A very ornamental plant. The Jeffrey pine may live 400 to 500 years and can attain immense size. It typically grows to 1,20 - 1,80 m (4-6') in diameter, and 50-60 m (170-200') in height. To date, the largest Jeffrey pine recorded in the western Sierra Nevada had a diameter of 2,20 m (7,5'), and a height of 51 m (175').
The Jeffrey pine needles are in bundles of three, and are 18-27 cm (7-11") long. Its’ cones are 15-25 cm (6-10") long, and oval lacking the spines, which make ponderosa pine cones prickly.
The Jeffrey pine bark is deeply furrowed, and reddish-brown compared to orange of the ponderosa pine. It also has a strong vanilla or pineapple odor.
effrey pine is found primarily in California extending north through the Klamath Mountains into southwestern Oregon, across the Sierra Nevada into western Nevada, and south to the Transverse and Peninsular Ranges and into northern Baja California. In the northeast, central, and southern portions of its range, climate and elevation determine its distribution, rather than soil type.
The Jeffrey pine can occupy many sites from the edges of moist, high mountain meadows to arid slopes bordering deserts, and it will grow over a wide range of elevations. The Jeffrey pine also grows in a diverse range of climatic conditions. It grows well on harsh and infertile sites. It is tolerant of drought, adapts to cold weather because it requires a shorter growing season than the ponderosa pine.
Information source: www.eol.org.
Genus - Pinus
Species - Jeffreyi
Common name - Jeffrey Pine
Pre-Treatment - Required
Hardiness zones - 7 - 9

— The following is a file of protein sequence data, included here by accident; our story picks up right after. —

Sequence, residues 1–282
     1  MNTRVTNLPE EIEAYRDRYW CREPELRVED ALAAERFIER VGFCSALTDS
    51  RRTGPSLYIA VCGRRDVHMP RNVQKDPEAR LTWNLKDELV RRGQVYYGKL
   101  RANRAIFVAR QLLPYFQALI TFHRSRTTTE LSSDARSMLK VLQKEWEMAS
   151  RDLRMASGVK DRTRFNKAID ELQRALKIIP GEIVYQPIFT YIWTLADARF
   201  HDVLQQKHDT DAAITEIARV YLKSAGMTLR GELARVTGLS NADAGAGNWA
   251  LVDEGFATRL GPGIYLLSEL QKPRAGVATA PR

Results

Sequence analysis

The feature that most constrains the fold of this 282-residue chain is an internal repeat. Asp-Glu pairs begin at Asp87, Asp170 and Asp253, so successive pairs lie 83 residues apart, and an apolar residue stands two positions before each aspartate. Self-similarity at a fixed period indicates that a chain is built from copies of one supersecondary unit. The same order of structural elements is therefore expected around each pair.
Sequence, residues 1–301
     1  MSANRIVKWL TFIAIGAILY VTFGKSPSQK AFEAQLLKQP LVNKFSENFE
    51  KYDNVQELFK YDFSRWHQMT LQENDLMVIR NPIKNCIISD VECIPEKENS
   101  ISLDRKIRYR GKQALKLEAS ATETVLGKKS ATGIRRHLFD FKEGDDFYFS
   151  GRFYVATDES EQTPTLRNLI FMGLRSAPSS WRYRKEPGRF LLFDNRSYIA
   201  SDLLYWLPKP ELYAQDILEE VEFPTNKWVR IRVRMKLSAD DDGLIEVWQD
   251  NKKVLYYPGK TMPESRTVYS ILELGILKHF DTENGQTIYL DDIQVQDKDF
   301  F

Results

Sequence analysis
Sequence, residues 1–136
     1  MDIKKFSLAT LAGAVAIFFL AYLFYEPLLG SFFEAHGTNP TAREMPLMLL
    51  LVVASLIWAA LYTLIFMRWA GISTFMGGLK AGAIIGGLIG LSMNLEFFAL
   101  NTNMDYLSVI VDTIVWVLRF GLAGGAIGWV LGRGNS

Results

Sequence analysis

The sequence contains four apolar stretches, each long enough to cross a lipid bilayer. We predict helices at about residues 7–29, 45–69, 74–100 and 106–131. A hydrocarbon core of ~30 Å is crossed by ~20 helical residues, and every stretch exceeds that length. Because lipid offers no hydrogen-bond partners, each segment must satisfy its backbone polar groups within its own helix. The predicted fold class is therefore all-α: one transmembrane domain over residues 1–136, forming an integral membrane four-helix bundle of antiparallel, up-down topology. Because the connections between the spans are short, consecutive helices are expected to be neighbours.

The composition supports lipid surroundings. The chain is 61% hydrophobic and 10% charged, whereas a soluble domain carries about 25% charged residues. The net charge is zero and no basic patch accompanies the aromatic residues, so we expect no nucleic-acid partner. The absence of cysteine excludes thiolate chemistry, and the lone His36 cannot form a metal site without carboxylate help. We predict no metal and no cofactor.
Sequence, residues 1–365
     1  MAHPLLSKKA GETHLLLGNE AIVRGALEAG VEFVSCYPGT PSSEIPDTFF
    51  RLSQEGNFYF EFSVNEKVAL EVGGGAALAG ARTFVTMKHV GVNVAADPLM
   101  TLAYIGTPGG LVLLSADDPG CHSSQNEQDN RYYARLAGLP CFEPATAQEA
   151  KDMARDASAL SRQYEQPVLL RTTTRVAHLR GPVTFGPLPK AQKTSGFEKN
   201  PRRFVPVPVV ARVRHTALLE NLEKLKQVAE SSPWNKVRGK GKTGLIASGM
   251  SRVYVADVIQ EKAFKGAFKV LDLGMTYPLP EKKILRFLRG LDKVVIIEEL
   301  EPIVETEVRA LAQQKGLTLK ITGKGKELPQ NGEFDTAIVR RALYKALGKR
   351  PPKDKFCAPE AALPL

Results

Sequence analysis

Height - 170-200' / 50 - 60 m
Plant type - Tree
Vegetation type - Evergreen
Exposure - Full Sun, Partial Shade
Growth rate - Fast
Soil PH - Acidic, Neutral
Soil type - Loam, sand
Water requirements - Average Water
Landscape uses - Attractive foliage, North American native, Inconspicuous flowers or blooms.. Bark has vanilla scent.
Leaf / Flower color - Green / --
|Germination||1. Place the seeds in a container with tepid water and soak them for 24 hours. Change the water and wait another 24 hours.|
2. Put the seeds in a small plastic bag and cover with damp sand. Place the bag holding the seeds in the refrigerator for one to two months to stratify the seeds, which is preserving seeds in layers of moisture-laden peat, soil or sand. Check the sand and water as needed to maintain moisture. Don't allow the seeds to get soaked.
3. Fill small pots with compost. Place one or two pine seeds on top of the compost in each pot, then cover the seeds with a thin layer of sand.
4. Water the sand and compost to add moisture, then place the pots in a warm, sunny location. As the seedlings emerge and grow, the soil needs to remain moist, not wet.
5. Repot the pine trees into medium-sized pots in the fall. Grow them in the pots for the following season until they are large and strong enough for transplanting into the landscape.